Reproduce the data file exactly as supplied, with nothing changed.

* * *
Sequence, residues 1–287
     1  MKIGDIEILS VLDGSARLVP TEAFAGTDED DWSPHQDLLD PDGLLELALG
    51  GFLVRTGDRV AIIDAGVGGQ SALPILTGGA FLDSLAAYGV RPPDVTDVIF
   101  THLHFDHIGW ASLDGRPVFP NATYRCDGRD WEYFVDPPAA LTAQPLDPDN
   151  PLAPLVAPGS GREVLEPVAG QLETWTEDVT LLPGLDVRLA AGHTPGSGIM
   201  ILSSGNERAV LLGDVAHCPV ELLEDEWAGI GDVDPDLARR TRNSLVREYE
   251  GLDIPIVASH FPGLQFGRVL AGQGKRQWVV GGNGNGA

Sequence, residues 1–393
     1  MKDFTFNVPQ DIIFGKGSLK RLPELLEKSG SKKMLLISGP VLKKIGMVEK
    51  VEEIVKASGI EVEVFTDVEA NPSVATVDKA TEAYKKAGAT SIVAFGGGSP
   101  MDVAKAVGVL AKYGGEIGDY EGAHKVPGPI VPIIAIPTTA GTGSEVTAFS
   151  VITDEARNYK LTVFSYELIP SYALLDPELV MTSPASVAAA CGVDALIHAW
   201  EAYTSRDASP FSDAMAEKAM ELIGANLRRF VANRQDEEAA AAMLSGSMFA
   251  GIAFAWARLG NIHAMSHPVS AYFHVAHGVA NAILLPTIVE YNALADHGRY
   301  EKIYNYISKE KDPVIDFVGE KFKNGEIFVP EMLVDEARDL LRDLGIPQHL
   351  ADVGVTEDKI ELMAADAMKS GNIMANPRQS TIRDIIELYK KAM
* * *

Sequence, residues 1–287
     1  MKIGDIEILS VLDGSARLVP TEAFAGTDED DWSPHQDLLD PDGLLELALG
    51  GFLVRTGDRV AIIDAGVGGQ SALPILTGGA FLDSLAAYGV RPPDVTDVIF
   101  THLHFDHIGW ASLDGRPVFP NATYRCDGRD WEYFVDPPAA LTAQPLDPDN
   151  PLAPLVAPGS GREVLEPVAG QLETWTEDVT LLPGLDVRLA AGHTPGSGIM
   201  ILSSGNERAV LLGDVAHCPV ELLEDEWAGI GDVDPDLARR TRNSLVREYE
   251  GLDIPIVASH FPGLQFGRVL AGQGKRQWVV GGNGNGA

Sequence, residues 1–393
     1  MKDFTFNVPQ DIIFGKGSLK RLPELLEKSG SKKMLLISGP VLKKIGMVEK
    51  VEEIVKASGI EVEVFTDVEA NPSVATVDKA TEAYKKAGAT SIVAFGGGSP
   101  MDVAKAVGVL AKYGGEIGDY EGAHKVPGPI VPIIAIPTTA GTGSEVTAFS
   151  VITDEARNYK LTVFSYELIP SYALLDPELV MTSPASVAAA CGVDALIHAW
   201  EAYTSRDASP FSDAMAEKAM ELIGANLRRF VANRQDEEAA AAMLSGSMFA
   251  GIAFAWARLG NIHAMSHPVS AYFHVAHGVA NAILLPTIVE YNALADHGRY
   301  EKIYNYISKE KDPVIDFVGE KFKNGEIFVP EMLVDEARDL LRDLGIPQHL
   351  ADVGVTEDKI ELMAADAMKS GNIMANPRQS TIRDIIELYK KAM